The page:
Mark Twain House and Museum is giving out masks to someone if they don’t have one and welcome signs with important information regarding visits are posted and available on its website. Additionally, the museum maintains a log of all staff on premise on any given day for contact tracing, if necessary. Additionally, hand sanitizer is located throughout the museum, and personnel are required to frequently use that and hand wash frequently, as well as participate in a daily health screening and allows some employees to work remotely if not considered a “front-line” worker of the museum.
The store capacity allows for 7 guests and only two staff members. Plexi barriers were installed to protect staff, seating in the front of the store was removed, cleaning of high traffic areas after each transaction, social distancing reminders and other new protocols have been implemented.
The museum had 5,535 visitors last year and this year, through June 30, it has had only 698. The encouraging statistic is that last year, the average sale per customer was $17.40 and this year it has increased to $23.94, which is a 37% increase in the average sale and 80% increase in sales per visitor. Overall, retail has been impacted. The museum has experienced a -77% decrease in overall sales versus last year. “The sad numbers say it all. The good news is the few visitors we are having are spending more money,” said Stollman.
Cummer Museum of Art & Gardens: Susan Tudor
Currently in phase 1, the Cummer Museum of Art & Gardens has enacted similar changes at its destination. Timed tickets are required and allow for 50 visitors per time slot. There are usually two time slots per day, and closed in between visits for cleaning purposes. On long days, there are three tours per day. Susan Tudor shared that masks are required while visitors are in the building, but not in the gardens.
“Upon entering, guests are given masks and door keys, to help open doors and for use on touch screens are provided to visitors,” shared Tudor. “Communication is important and our team put together a short video on an overview of gardens and the health/safety information — trying to make sure visitors know what we are doing to protect them and our staff.” Cummer has placed all this important information online and on YouTube.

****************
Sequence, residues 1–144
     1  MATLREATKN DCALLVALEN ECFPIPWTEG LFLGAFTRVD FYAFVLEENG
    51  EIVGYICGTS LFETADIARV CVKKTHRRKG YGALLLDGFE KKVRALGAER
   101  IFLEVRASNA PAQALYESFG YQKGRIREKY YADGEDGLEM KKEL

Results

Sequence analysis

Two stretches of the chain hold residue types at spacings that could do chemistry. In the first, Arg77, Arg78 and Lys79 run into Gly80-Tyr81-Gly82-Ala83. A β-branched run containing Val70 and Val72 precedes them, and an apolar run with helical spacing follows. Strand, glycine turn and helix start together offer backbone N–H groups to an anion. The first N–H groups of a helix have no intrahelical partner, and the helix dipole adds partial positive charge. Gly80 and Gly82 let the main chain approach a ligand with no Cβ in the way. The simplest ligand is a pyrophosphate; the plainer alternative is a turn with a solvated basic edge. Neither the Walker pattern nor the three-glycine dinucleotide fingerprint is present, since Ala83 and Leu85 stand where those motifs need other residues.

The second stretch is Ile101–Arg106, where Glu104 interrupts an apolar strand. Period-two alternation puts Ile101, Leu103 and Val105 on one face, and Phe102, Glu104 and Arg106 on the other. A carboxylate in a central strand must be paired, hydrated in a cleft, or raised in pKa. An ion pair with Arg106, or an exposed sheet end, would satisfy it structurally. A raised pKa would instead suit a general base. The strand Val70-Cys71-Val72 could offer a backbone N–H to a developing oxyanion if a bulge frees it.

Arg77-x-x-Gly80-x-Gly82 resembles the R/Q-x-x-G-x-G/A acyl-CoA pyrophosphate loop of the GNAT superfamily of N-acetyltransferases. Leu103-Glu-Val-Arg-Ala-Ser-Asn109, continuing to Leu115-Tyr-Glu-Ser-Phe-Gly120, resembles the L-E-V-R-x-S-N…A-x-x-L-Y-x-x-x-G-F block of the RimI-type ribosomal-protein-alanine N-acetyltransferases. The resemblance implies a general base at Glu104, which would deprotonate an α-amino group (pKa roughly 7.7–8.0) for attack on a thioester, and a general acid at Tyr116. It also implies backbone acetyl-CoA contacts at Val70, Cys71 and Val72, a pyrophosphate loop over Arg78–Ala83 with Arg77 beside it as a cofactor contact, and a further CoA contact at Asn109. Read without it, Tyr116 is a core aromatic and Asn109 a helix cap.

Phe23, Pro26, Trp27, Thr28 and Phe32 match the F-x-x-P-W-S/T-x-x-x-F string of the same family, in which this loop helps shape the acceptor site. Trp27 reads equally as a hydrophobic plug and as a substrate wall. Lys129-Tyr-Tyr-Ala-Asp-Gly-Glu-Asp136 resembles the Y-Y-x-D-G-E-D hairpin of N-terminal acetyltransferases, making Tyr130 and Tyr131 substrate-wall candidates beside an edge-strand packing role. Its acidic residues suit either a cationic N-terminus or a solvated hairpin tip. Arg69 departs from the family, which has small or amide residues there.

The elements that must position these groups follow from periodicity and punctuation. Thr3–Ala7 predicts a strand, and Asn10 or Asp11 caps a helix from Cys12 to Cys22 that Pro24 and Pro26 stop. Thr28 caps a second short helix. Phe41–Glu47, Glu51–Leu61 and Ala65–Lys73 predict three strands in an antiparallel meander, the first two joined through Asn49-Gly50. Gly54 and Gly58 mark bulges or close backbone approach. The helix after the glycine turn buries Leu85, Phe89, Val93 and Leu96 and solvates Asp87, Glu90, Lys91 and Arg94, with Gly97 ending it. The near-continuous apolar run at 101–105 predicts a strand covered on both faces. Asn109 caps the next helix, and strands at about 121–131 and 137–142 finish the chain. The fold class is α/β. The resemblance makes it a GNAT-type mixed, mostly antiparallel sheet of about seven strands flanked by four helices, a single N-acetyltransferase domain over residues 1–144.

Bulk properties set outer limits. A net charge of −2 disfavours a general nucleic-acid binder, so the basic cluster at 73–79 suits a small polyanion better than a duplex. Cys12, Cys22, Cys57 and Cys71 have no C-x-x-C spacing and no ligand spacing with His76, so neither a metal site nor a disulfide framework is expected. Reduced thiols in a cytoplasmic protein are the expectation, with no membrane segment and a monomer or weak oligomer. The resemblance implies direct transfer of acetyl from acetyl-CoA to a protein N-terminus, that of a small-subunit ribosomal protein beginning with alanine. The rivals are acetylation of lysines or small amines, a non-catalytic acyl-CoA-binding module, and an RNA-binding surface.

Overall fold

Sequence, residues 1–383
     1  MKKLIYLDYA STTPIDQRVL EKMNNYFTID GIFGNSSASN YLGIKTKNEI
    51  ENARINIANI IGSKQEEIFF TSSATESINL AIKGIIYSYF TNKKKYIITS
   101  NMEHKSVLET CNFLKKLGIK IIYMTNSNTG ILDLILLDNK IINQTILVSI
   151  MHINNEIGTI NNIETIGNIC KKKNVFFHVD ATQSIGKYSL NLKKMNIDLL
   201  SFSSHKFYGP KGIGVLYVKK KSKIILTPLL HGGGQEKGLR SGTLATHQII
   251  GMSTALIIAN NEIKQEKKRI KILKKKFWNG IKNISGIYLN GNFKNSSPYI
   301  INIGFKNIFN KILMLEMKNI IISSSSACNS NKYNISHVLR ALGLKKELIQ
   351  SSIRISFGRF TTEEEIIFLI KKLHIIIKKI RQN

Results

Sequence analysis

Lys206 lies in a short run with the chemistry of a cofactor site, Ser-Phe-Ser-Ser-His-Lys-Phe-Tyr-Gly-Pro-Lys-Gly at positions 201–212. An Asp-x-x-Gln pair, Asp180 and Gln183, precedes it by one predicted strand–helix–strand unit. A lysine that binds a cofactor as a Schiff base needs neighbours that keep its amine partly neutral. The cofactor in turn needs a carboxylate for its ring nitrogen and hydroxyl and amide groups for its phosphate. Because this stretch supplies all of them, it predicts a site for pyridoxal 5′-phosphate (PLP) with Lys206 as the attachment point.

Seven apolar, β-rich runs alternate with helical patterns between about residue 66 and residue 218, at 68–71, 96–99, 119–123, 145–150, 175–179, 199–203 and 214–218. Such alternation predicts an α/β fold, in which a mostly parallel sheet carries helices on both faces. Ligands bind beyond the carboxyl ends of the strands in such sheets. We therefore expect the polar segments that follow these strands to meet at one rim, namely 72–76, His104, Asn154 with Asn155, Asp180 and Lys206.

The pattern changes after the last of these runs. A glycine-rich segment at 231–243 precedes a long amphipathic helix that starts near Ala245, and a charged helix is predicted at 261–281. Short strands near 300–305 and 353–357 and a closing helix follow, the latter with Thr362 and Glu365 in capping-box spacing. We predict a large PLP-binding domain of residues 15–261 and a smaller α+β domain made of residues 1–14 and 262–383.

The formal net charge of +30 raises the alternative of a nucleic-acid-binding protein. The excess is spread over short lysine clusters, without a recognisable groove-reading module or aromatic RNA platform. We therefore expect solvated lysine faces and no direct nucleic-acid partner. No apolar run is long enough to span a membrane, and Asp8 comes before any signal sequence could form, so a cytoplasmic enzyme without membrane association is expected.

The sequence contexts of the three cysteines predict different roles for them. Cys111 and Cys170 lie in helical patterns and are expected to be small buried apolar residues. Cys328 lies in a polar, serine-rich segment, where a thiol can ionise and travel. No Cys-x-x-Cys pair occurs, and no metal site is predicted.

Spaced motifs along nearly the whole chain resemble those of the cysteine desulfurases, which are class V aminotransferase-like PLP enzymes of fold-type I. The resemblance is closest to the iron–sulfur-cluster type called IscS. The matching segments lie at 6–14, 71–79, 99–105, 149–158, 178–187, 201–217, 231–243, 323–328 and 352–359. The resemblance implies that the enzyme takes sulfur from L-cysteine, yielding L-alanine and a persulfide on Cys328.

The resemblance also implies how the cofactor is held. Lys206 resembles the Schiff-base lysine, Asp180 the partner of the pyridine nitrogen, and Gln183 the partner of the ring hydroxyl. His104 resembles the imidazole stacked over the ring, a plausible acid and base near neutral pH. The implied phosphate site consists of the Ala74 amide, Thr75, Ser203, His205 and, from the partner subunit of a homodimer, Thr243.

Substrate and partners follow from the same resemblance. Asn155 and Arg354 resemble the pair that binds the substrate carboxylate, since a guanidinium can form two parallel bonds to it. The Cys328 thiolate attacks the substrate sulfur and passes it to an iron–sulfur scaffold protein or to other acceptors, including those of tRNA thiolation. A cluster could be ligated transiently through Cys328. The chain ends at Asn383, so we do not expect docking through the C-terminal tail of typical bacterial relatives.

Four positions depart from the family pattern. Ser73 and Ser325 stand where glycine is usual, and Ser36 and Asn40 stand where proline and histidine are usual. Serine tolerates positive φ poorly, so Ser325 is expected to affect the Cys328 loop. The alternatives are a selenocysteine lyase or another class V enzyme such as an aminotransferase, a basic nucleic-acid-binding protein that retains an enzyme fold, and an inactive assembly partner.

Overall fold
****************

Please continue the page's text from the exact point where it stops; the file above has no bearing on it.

Cummer Museum was able to keep all its staff, no one was furloughed or layed off. Staff was divided into teams, where some teams work remotely three out of five days. Additionally, Cummer had a nurse on site for the first three weeks, who takes temperatures and answered staff questions. Cummer is utilizing an iPad photo imaging temperature check, which is working well according to Tudor. Staff was required to participate in a mandatory training session through Zoom and all staff are provided PPE.
In the retail environment, masks that are Cummer branded and jewelry are the best-sellers. Compared to the same time period last year, the capture rate has increased 27% and the average sale has increased 24%. Unfortunately, the transaction count is significantly decreased from the same period as last year, as is the store’s sales and the total number of visitors to the museum.
All panelists agreed that masks are mandatory inside buildings. Signs are here to stay and describe policies and in some cases the proper way to wear/use a mask. Some destinations have taken it yet a step farther and have staff greeting visitors and reviewing the information with them, including how to properly wear a mask.
In some states, if someone has a doctor’s note or doesn’t comply, they are still allowed in, while in other locations this is not the case. In those regions, If someone doesn’t want to wear a mask, some museums have offered face shields as an alternative, while others are seeking alternative ways to shop — such as a special off-hour time slot — for those who cannot wear a mask due to health reasons.
Some of the panelists noted they are giving masks out free to visitors, while others are selling for $1 and yet others are selling for more. All panelists said that they are hot-sellers and have either almost sold out or have difficulty keeping masks in stock because they are being sold quickly.
One panelist described that she can barely keep the masks in stock as they have sold out several times, as the custom creations have appealed to shoppers and the visitors know it helps support the museum. Each state has different mandates and or laws in place when it comes to wearing masks.
“MSA vendors have moved production into custom masks and mask accessories. The buyer-friendly forum is keeping a list of vendors and can post on Shop Talk if you are looking to broaden the base on masks to stock. A lot of MSA vendors are prepared and ready to ship,” explained David Duddy.